196:48:21 Lind: Roger. Thanks. Next, if there's no more in that one, the next one is whether or not you noticed any preferential distribution of the glass beads and the glassy material?
196:48:42 Conrad: Generally speaking, it was all over the place in the bottom of even the smallest little craters that we came across. But we found it wherever we went, and no more in one place than in another. I think that we have three or four samples of glass that looked the same that were taken from different places, and they should be documented. One of them isn't, but I remember where we got it.
196:49:20 Lind: Roger. I'm not sure I understand. Did you mean that they - the glass beads were in the bottoms of all craters or that they were on the tops of the level surfaces as well as in the bottoms of the craters?
196:49:33 Bean: That's right. When we walked around on the level surface, if you just look down and look even halfway, you'd find beads here and there. Now, you didn't find a lot of big ones. You'd run across big ones every once and a while, big ones being about a quarter to three-eighths of an inch in size. If we came upon those, we would see them, but generally there were a lot of little ones around. Now, if you looked down into the small craters, I'm thinking of the craters 3 or 4 foot in diameter, maybe a foot deep, it didn't look like they were made with very big objects; you would usually find glass beads at the bottom and you would usually find glass-covered rocks, and that was surprising to us because we had always imagined that these beads just came from very - from the more - the larger craters, up to 8 or 9 or 10 feet, but this didn't seem to be the case.
196:49:51 Conrad: Also, if I remember, we have a rock which is some 2 inches or so in size that is spattered with glass, and we brought it back for that reason. They are not beads; it's just a big splatter...
196:50:48 Lind: Apollo, break, break. We have lost antenna for a moment.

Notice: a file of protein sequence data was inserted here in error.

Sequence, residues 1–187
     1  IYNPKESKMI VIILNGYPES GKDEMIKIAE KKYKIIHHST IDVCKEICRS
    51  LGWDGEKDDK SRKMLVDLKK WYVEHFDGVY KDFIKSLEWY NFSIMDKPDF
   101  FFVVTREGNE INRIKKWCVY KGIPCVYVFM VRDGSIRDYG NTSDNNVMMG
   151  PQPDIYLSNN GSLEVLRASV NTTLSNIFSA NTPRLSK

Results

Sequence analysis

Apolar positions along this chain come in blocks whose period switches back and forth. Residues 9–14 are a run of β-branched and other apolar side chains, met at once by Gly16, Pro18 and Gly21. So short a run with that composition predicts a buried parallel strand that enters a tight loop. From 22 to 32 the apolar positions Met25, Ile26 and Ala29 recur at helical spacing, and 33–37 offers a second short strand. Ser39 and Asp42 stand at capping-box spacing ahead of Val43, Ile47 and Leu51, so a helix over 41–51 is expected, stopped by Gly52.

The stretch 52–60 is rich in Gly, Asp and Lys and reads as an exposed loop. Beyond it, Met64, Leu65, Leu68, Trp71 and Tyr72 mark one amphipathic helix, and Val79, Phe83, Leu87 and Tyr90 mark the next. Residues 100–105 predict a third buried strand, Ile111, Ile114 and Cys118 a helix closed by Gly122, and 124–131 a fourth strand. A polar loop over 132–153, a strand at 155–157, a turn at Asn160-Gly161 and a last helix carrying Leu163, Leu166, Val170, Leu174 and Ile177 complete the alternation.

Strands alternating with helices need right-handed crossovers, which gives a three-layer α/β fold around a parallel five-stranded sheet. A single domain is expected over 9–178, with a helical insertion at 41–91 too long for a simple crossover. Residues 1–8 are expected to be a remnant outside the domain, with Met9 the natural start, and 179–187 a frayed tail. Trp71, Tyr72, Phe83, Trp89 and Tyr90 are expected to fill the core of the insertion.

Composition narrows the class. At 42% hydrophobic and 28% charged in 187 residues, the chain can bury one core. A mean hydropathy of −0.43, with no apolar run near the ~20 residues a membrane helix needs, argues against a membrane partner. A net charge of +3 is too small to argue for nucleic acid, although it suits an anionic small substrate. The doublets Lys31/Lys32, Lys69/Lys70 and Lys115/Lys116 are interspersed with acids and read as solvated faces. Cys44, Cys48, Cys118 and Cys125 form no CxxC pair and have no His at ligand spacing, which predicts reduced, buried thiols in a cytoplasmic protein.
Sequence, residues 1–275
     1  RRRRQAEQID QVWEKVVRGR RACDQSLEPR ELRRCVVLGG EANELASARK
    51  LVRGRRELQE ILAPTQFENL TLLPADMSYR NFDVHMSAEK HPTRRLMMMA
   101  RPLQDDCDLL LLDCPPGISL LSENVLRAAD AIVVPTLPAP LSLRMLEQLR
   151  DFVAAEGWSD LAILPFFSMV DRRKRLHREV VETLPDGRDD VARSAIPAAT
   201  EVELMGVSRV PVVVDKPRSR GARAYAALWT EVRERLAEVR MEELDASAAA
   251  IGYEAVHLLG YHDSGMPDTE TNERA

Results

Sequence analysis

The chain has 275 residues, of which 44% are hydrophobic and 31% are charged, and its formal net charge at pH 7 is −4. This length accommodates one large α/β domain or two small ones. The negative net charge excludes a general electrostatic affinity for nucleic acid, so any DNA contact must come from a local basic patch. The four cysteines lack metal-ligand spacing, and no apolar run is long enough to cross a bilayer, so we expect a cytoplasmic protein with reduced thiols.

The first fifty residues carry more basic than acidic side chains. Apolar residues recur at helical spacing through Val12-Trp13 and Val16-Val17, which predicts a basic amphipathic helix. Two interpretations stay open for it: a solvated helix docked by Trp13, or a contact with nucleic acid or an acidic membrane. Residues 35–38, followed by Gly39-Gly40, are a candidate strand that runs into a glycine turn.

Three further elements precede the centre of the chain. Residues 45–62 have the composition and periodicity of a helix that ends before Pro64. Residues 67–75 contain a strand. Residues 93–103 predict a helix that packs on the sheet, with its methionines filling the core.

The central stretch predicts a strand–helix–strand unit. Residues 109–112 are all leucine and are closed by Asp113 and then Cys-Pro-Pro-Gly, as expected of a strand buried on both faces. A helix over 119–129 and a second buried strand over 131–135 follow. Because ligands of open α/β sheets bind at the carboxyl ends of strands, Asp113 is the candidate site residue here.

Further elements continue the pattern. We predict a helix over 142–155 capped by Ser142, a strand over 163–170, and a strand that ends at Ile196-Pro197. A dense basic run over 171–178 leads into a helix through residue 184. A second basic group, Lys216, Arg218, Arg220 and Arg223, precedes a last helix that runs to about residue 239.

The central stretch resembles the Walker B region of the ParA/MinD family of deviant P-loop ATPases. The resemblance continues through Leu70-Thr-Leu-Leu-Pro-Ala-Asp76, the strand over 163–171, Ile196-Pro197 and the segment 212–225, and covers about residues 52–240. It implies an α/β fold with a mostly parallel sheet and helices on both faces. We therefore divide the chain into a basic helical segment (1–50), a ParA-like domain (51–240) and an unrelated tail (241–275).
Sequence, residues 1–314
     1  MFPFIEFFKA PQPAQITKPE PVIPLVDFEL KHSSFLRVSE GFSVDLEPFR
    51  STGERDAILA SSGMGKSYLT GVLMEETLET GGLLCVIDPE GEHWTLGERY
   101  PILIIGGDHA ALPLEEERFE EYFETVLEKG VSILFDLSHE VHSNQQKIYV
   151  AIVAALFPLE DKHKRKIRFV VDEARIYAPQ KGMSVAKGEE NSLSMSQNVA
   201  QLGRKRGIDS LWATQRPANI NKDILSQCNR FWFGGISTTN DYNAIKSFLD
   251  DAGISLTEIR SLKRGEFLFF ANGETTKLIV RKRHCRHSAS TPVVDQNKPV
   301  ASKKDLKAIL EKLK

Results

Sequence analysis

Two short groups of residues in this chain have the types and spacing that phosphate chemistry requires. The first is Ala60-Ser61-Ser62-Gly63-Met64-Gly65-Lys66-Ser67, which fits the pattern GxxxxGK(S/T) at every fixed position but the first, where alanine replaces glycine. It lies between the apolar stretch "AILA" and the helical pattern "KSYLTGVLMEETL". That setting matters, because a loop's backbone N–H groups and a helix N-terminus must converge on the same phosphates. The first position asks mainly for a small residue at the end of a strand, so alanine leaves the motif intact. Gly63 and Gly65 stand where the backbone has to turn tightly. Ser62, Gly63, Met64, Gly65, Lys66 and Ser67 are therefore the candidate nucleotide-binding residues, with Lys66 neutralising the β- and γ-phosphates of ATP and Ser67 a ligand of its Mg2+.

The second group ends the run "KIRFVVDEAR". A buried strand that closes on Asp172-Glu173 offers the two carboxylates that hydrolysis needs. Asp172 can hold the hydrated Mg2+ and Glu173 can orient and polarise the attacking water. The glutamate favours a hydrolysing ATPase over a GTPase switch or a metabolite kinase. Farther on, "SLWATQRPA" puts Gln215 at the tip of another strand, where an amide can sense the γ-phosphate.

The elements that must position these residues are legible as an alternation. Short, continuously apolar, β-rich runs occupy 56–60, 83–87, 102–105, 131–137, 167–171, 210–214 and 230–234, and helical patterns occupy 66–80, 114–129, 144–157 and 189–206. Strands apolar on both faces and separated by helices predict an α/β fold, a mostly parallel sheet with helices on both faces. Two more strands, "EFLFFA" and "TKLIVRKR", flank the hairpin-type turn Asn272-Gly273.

196:51:00 Lind: Apollo, break, break. We have lost Comm for a moment.
196:51:20 Lind: Apollo 12, Houston. Do you read us?
196:51:46 Lind: Apollo 12, Houston. Do you read?
196:51:53 Bean: Roger. We apparently lost your antenna for a while. We are ready to go again.
196:51:57 Lind: Roger. We switch antennas there. Al, the last thing we heard you saying was that in some of the small craters there were glass-covered rocks. Would you repeat anything after that?
196:52:11 Bean: Roger. Did you hear Pete's description?
196:52:13 Lind: Negative.
196:52:17 Bean: Okay. Right. I was saying that even the craters up to as little as 3 or 4 feet in diameter, 1 foot deep, the ones that didn't look to me like they were made by either very heavy particles, or very fast particles, you could usually look around in the bottom of them and see glass-covered small rocks, in a number of them. We took some pictures and documented them real well, and then I'll let Pete - let me say the rest. Also, one time when we were walking around outside a big crater, we saw a rock about 3 inches in diameter, I guess, somewhere around in that neighborhood; and it was almost completely covered with this glass. And the glass looks the same as the glass you see in close-up stereo pictures that Nell brought back, that he took pictures of, down in small craters. So, this will be a nice sample for somebody to look over.
196:53:14 Lind: Very good. Okay. Next time - next question is - Can you give us some more detail on the material that appeared to be melted in the bottom of bench crater? Did this just cover the central peak or did it appear more extensively located - spread around down there?
196:53:34 Conrad: It appeared to be - to look - a little bit lava-like in nature but I don't mean to imply that I thought the crater was volcanic in origin. It looked more to me like we were seeing the effects of some high-speed impact and - causing some melting of material down there. I wish that we could have gone down in that crater and gotten a sample, but it was too steep and too rugged for us to attempt it, and, therefore, we did take some partial Pan stereo of the whole crater for you and we tried to get material from the top but nothing from the top resembled the material in the bottom.
196:54:27 Bean: I think the reason Pete said that to begin with is our experience over in Hawaii in some of those chains of craters or those lines of - I can't think of the exact word now - but where the lava comes out in long cracks, zones of weakness; it just sort of bubbles out and spatters one on top itself and ends up making sort of knobby-looking mounds of basalt. Well, from the top of the crater, all this stuff looked like knobby little mounds that were sort of like [garble] zones - the material you usually see around [garble] zones and that's why he is trying to stay - neither of us think of it as a volcanic material, but it had that sort of melted knobby effect. We got a lot of pictures of it, though.
196:55:16 Lind: Roger. On the Northwest side of Head crater, you talked about a rock that you kicked over, and you mentioned that the bottom was different from the top and we are not sure just in what way it was different. Remember that one?